DERRY JOURNAL Editorial: No Catholics need apply
The ascension to the British throne of a new monarch has drawn attention to a basic precept of the United Kingdom: being Catholic and being head of state are mutually exclusive conditions.
For the purposes of succession in the UK Catholics are ‘naturally dead’ under the Act of Settlement (1701). This isn’t just a legal revenant from the Penal Era; it was debated only nine years ago and re-endorsed when MPs approved the Succession to the Crown Act (2013) to remove male primogeniture and allow aspirant monarchs to marry Catholics.
A majority of MPs, many still in situ, saw fit to keep the ban on Catholics assuming the throne. One MP, who proposed removing the ban, said: “The Act of Settlement deems somebody who has been a Catholic for a minute to be dead in terms of the succession, and it passes over them as if they were dead.
"Once we allow the marriage of a Catholic into the line of succession to the throne, that provision makes absolutely no sense.” That was Jacob Rees- Mogg.
One justification for maintaining the anti-Catholic provision was the monarch’s role as Supreme Governor of the Church of England. Rees-Mogg argued this function could be fulfilled by a regent if a Catholic was queen or king. His arguments were rejected by 365 MPs.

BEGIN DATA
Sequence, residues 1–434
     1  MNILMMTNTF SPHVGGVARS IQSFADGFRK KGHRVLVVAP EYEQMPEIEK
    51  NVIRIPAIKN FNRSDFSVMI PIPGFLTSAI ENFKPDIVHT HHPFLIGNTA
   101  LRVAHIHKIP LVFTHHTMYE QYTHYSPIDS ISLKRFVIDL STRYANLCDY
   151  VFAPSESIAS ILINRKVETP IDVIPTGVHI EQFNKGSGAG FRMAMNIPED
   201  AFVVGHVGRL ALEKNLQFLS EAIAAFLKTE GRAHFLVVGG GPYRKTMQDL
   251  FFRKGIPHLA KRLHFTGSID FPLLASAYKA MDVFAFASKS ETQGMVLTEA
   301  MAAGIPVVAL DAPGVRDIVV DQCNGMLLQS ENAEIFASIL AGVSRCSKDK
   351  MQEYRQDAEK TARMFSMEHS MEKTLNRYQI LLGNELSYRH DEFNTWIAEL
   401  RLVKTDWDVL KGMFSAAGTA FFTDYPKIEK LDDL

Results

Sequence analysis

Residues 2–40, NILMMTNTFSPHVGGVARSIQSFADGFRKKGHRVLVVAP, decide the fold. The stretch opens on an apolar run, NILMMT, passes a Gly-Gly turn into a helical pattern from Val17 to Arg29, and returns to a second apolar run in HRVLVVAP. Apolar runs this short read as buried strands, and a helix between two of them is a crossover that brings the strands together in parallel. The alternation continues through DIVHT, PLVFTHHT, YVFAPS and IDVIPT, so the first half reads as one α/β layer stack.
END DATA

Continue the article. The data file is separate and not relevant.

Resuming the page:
Foyle MP Mark Durkan said at the time: “The provisions [of the Succession to the Crown Bill] are quite sectarian. If a politician in NI used the same language on a political platform, people would talk about incitement to religious hatred, but the Bill, for reasons of constitutional sensitivity, for reasons of ecclesiastical sensitivity to do with the constitutional settlement, leaves that language in place, safe and untouched.” It remains in place.
Much used to be made of provisions of the Irish Constitution (1937) which referred to the ‘special position’ of the Catholic Church and specifically ‘recognised’ the Church of Ireland, the Presbyterian and Methodist churches, as well as Irish Quakers and Jews.
Yet these provisions were in place for only 35 years before they were rightly removed in a referendum in 1972. If a majority of Britons prefer to obediently subject themselves to a monarch rather than be served by a president they elect as citizens, as appears to be the case for now, they might consider whether it is appropriate in the third decade of the 21st century that Catholic subjects are still banned from becoming head of state after 300 years.